6

As Walter says, gravity doesn't bend light. Light travels along null geodesics, a particular type of straight path. Since (affine) geodesics don't change direction by definition, geometrically light trajectories are straight. Moreover, the speed of light in vacuum is $c$ in every inertial frame, regardless of whether or not spacetime is curved, although a ...

6

The strength of the Earth's gravitational field compared to the Moon and the Sun is not enough to capture and hold satellites - there are too many disruptive forces that would rip them away over time. However there are some objects at the Lagrangian points - the points where the gravitational fields of the Earth and other objects are equal and so it is ...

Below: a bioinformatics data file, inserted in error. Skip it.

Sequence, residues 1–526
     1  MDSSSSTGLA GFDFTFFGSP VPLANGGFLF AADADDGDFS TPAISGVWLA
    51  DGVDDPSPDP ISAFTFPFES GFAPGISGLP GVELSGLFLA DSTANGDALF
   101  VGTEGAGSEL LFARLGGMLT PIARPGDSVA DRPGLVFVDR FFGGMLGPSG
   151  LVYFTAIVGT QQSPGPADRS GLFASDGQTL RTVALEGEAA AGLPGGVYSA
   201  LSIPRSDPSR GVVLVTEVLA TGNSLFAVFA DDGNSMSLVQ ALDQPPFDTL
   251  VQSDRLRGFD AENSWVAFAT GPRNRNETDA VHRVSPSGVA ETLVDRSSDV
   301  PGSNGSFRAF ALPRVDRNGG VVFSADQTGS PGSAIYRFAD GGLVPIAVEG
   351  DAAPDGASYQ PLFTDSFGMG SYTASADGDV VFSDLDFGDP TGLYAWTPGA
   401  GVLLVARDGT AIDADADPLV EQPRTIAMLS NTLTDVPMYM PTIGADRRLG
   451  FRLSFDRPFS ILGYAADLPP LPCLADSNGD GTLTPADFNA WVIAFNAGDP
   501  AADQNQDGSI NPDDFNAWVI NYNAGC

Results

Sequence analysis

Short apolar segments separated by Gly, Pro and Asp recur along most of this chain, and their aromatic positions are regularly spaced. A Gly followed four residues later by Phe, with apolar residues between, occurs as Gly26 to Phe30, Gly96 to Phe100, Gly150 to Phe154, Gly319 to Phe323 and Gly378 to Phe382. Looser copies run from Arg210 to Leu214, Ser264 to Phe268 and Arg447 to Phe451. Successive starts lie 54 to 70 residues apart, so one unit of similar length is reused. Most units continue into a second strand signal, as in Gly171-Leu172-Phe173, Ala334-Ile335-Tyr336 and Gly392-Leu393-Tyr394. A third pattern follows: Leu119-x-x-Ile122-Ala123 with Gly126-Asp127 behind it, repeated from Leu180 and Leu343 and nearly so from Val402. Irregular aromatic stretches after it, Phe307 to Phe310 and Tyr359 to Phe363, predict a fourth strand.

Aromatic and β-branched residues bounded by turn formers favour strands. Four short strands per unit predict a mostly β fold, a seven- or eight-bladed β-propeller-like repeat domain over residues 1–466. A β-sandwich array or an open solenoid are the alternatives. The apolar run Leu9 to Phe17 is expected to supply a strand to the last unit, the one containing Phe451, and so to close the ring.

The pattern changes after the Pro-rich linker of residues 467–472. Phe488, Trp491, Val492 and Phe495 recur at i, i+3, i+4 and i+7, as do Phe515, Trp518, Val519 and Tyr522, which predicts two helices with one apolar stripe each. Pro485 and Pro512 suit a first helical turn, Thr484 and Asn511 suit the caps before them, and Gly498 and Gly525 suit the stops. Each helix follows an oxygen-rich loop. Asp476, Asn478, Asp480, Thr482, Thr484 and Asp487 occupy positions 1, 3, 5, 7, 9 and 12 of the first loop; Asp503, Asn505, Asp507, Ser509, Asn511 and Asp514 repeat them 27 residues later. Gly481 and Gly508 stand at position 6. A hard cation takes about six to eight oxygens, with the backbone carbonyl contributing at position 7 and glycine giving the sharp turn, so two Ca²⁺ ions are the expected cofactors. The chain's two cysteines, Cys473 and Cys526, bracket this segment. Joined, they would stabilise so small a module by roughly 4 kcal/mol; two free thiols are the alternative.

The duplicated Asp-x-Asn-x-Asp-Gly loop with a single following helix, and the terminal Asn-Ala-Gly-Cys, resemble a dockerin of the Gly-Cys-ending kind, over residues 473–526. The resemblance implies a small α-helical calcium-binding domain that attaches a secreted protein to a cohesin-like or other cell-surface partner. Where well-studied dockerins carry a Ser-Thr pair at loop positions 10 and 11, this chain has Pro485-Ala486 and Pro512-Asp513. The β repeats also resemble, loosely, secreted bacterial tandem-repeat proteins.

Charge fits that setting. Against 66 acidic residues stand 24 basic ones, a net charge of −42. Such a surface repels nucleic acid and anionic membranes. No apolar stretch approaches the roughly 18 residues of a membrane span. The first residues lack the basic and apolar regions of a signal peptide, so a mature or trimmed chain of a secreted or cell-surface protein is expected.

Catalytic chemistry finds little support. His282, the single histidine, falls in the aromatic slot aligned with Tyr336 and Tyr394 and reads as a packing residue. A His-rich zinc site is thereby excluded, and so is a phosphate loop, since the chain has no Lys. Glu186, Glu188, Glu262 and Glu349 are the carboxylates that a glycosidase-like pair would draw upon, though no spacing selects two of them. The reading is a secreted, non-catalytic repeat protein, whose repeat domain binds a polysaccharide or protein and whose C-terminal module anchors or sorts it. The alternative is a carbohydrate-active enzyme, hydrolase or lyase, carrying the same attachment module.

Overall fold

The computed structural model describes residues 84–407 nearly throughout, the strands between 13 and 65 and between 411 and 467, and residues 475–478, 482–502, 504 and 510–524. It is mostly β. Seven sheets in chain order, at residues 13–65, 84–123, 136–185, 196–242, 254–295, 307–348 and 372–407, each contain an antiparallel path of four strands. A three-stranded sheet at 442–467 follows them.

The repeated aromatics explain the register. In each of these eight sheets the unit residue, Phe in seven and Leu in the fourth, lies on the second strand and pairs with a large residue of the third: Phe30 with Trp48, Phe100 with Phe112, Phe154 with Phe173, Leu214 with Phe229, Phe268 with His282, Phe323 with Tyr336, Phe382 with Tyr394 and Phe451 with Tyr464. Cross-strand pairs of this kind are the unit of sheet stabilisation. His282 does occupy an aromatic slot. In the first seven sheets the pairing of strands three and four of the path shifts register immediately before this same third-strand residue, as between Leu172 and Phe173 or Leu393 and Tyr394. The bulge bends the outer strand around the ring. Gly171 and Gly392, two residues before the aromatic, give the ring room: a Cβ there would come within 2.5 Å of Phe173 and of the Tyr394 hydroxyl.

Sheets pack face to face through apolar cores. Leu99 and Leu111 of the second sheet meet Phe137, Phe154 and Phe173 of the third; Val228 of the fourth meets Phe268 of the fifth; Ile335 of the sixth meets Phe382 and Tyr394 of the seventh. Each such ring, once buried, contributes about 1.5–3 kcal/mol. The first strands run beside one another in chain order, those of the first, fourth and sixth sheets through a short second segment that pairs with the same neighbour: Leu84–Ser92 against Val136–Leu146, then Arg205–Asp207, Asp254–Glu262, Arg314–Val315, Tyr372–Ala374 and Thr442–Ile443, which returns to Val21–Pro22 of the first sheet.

5

There are certainly people who study alternative (non-General Relativistic) theories of gravity. The most popular theories have so far been: Modified Newtonian Dynamics (MOND) - which essentially postulates that Newtonian Mechanics break down on some scale, leading to the rotation curves we see in galaxies. Tensor–vector–scalar gravity (TeVeS) - this is a ...

5

All objects in the universe exert a gravitational force on all others - the farther away an object is, the smaller is the force it exerts. (The force is inversely proportional to square of the distance from the object, so an object twice as far away means only 1/4 the amount of force). Furthermore, the more massive the object, the greater the ...

5

From a (more) physics standpoint our acceleration on earth is basically zero from what we can feel. Just like the others that posted about cars traveling at a certain constant velocity, you won't feel a change. If a car is traveling at a constant velocity there is essentially no feelable force acting on your body. Therefore you you don't feel any effects of ...